Through a series of transactions in the 1980s, Waseca Savings & Loan was merged into First Minnesota Savings Bank, F.S.B. Despite this change in ownership, Denelsbeck asserts that she did not have another conversation with a bank or savings association representative about her certificate until on or around December 4, 1990. Denelsbeck stated that at about that time she received a call from someone in the IRA Savings Department at First Minnesota who told her, "we can't pay 12 and a quarter." Denelsbeck testified she responded by saying "oh yes, you can, that's a fixed rate." Denelsbeck stated that the person then told her that he would check into it further.

That same month, December 1990, First Minnesota was acquired by Norwest Bank Minnesota, N.A. (Norwest). On December 18, 1990, the Retirement Services Department of Norwest sent a letter to Denelsbeck stating in relevant part:

We are writing to confirm that the Retirement certificate that you opened at our former First Minnesota Waseca office has been transferred to our Edina branch office.

The terms, conditions, and interest rate of your original certificate remains in effect until maturity, as is reflected on the enclosed replacement certificate.

To avoid any confusion with your certificate, we ask that you please destroy your former certificate document.

The replacement document that accompanied Norwest's December 18 letter was on a First Minnesota form and was entitled "Rate Change or Internal Transfer Request/ Fixed Rate Retirement Savings Certificate Disclosure." At the top of the front page of the document, there was a notation that said, "Transferred from Waseca to Edina to have all accounts in same entity." Reading down the document, it first provided identifying information on Denelsbeck and then provided certain options from which to choose. Account numbers had been typed in one of the options that read:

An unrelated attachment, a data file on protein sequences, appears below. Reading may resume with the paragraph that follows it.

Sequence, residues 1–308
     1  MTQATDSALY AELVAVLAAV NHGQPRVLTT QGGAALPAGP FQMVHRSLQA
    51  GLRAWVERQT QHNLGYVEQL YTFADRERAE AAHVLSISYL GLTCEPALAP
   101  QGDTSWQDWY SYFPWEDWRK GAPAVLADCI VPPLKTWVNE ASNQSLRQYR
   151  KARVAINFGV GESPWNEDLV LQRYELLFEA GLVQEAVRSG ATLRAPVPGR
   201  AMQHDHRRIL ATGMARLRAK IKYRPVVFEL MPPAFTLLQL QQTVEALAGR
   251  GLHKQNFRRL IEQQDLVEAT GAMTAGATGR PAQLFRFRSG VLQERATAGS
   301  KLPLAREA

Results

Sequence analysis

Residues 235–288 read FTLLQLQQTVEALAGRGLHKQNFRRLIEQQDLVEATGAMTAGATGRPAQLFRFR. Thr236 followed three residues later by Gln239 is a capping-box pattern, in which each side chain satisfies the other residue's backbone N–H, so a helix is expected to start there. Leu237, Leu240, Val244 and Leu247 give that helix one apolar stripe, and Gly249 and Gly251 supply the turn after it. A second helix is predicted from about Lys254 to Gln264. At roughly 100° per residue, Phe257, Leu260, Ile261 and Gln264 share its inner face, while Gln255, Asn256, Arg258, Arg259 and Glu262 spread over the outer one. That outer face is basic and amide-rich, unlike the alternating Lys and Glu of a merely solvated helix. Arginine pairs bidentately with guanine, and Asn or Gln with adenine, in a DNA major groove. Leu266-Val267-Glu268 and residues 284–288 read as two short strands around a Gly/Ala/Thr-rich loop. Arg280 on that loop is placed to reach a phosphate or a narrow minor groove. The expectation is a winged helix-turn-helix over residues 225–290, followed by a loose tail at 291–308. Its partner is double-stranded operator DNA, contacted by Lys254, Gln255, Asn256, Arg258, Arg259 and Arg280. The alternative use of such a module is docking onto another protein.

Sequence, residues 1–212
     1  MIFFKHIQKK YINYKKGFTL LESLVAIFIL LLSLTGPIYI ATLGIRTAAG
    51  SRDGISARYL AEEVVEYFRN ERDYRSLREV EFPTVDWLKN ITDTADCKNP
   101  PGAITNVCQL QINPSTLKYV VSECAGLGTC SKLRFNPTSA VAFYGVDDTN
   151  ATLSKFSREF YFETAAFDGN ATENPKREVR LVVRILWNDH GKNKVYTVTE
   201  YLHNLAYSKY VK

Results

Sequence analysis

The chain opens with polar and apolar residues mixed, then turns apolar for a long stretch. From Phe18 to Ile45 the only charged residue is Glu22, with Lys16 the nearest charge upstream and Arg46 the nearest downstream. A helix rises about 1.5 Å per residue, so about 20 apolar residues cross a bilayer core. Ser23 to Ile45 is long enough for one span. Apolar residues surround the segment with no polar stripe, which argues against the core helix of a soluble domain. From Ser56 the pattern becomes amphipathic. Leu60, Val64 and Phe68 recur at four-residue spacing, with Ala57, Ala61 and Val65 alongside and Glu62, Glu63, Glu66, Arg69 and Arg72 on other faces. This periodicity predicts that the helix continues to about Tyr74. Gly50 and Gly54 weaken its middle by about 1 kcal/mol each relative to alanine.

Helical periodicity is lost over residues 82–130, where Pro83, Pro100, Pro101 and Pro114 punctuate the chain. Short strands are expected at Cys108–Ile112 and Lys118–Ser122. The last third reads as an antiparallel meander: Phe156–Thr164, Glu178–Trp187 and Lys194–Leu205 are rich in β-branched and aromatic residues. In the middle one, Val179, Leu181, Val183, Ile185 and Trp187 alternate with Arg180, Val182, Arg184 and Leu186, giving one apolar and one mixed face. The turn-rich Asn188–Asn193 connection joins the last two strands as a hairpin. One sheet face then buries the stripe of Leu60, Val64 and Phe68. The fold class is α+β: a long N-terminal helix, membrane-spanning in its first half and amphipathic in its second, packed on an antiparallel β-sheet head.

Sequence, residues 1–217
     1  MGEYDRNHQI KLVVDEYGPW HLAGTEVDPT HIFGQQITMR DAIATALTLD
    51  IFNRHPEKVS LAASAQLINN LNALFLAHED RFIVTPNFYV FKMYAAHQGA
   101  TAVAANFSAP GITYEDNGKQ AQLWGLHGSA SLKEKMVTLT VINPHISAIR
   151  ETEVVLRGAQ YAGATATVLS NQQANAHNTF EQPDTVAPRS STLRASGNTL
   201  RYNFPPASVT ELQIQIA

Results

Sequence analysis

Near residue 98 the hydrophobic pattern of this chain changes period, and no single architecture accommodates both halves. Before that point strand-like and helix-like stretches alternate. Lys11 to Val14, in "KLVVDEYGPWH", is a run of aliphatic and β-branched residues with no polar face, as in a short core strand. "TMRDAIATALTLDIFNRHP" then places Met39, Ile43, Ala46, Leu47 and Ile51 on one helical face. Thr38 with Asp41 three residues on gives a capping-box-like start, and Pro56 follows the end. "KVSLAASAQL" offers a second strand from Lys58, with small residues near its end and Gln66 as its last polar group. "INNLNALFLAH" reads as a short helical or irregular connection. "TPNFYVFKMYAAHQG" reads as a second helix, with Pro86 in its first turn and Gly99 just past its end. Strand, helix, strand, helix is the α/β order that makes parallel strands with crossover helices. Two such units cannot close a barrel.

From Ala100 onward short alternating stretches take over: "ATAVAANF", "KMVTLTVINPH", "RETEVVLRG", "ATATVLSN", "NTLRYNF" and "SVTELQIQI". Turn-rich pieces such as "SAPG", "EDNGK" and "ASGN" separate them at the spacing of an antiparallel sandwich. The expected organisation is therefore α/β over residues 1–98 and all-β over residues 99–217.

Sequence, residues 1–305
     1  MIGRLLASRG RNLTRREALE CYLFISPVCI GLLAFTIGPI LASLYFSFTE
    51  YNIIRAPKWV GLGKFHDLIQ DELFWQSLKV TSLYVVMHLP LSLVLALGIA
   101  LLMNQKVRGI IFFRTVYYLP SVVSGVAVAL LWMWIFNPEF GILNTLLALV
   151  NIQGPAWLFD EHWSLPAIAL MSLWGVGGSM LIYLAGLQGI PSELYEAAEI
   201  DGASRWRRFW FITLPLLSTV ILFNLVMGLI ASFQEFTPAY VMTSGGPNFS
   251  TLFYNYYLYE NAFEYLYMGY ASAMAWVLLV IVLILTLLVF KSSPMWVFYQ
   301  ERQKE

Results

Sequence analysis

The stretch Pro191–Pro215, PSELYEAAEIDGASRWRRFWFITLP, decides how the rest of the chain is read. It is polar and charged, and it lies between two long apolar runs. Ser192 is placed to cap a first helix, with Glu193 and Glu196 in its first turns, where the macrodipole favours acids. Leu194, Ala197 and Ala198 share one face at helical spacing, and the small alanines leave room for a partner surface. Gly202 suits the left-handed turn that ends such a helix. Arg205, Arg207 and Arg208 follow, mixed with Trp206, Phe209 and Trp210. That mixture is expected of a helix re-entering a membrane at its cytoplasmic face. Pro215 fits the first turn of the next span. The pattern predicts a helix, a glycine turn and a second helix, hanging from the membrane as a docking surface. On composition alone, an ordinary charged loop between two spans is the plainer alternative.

I request that First Minnesota Saving Bank, F.S.B. transfer my existing Retirement Account Number(s) (A) [account number], * * * to a * * * Retirement Account Number [account number] with the rate and term as shown below in the New Account Summary.

There was a box next to the foregoing option and a line for the "Participant's Signature." On her copy of the replacement document, Denelsbeck had not signed on the signature line. Denelsbeck testified that she did not recall returning the replacement document to the bank, but instead she destroyed the original 1984 certificate as directed and kept the replacement document for her files. At the bottom of the replacement document under a section termed New Account Summary, the original terms of the document were restated as follows: original date of issuance 7/11/84, initial maturity date 7/11/91, initial term 84 months, and rate of earnings 12.25%.

The replacement document also had a number of information sections on the back and a statement at the top that read, "This Retirement Savings Certificate is Non-Transferable and Non-Negotiable." The renewal section on the back of the document provided:

This account will be automatically renewed at the close of business on the Initial Maturity Date or on the maturity date or any Renewal Term unless (1) it is withdrawn within the 7 day period referred to in the Penalty Clause Section hereof, or (2) at least 15 days prior to a maturity date, the Bank gives written notice to the participant that this account will not be renewed at the earnings rate set forth in the Earnings Section and/or for any other term(s) set forth in this certificate. In such latter event, upon maturity the account will be renewed at such Rate of Earnings and/or such different terms as set forth in said written notice.

(Emphasis added.) Denelsbeck testified at her deposition that it was her understanding the replacement document only changed the account number and did not change the terms of her original certificate purchased in 1984.

On or about July 3, 1991, shortly before Denelsbeck's certificate matured, Norwest sent a letter to all savings certificate customers acquired from First Minnesota. ...